We know from user feedback and market research that issues watching videos is a most common user complaint. Beyond youtube, though, we don't know what the most-used video sites are for our users. We want to measure this using telemetry with the beta audience. Technical details: * This will be deployed as a telemetry experiment to a sample of the beta population * I understand that Shumway was already planning on measuring codec usage by introspecting network requests made by Flash. Assuming that code already exists, we should use the same mechanism to introspect merely the fact that a video is being loaded. till/mbx, can you provide a pointer for this? * When a video load is detected, we will create a payload with the following information and send it to the cloud services ingestion system: ** the domain of the video content: "videoOrigin" ** the domain of the .swf: "swfOrigin" ** the domain of the page loading the plugin: "pageOrigin" ** version/channel/buildid/locale * This data will not be collected as part of the current telemetry session ping, because we don't want to associate the data with the user's telemetry profile ID. This is fairly urgent.
I haven't had the time to look into actually implementing this. I did discuss it with gfritzsche, though, so I think he knows about as much about it as I do.
Can you tell from the first few bytes of a network request whether it's a video or not? Or if you don't know, who's the best person to ask?
The devtools network monitor does categorization, and it detects at least mp4 and flv files as videos. I don't know who's working on that code, but they'll certainly know how to categorize the file types.
(In reply to Till Schneidereit [:till] from comment #1) > I haven't had the time to look into actually implementing this. I did > discuss it with gfritzsche, though, so I think he knows about as much about > it as I do. I don't think we discussed this, maybe you talked to Aaron about this?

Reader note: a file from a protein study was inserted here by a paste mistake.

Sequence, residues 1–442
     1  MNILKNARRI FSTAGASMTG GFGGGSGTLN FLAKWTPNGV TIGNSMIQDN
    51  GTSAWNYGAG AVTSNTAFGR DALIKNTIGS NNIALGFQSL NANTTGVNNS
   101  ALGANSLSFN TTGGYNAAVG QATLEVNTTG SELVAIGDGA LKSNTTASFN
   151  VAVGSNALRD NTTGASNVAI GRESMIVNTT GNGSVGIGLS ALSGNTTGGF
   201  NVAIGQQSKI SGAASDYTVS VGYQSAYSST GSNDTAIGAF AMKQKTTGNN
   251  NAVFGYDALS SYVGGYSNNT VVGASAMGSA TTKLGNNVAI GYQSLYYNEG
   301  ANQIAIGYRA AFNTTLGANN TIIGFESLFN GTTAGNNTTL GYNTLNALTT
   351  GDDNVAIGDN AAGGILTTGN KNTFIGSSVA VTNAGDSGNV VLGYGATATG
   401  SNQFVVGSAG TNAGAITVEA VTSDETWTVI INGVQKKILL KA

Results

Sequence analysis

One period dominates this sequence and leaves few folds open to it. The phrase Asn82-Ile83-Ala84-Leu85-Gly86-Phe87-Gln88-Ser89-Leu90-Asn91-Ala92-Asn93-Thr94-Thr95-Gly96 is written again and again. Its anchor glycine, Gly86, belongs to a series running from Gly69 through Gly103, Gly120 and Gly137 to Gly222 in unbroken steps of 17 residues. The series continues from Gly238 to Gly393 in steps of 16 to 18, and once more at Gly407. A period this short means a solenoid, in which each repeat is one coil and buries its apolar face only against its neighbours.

I talked to Georg about this. Our next step needs to be to figure out who knows about the content type categorization the network monitor does. @fitzgen, who in the devtools team would know about where this categorization happens? I'm talking about how the network monitor allows one to filter on content type and, in particular, enables just seeing loaded media files. As this works for mp4 and flv files loaded by Flash instances, it seems to be exactly what we need here.
Talked to jryans about this: The network monitor uses nsIHttpActivityObserver to observe requests, and has its own categorization based on mime types. Note that that'll underestimate loading of video files to some extent: Flash doesn't care about mime types at all, so videos might be delivered with incorrect ones. That doesn't seem to be too much of a concern, though, as I'd expect the major sites, which we're interested in, to get this right.  http://dxr.mozilla.org/mozilla-central/source/toolkit/devtools/webconsole/network-monitor.js#504  http://mxr.mozilla.org/mozilla-central/source/browser/devtools/netmonitor/netmonitor-view.js#930
Thanks for checking till :) Given that this seems relatively straight-forward and already has a devtools implementation, should we maybe just sent QA on sanity-checking this with known popular sites?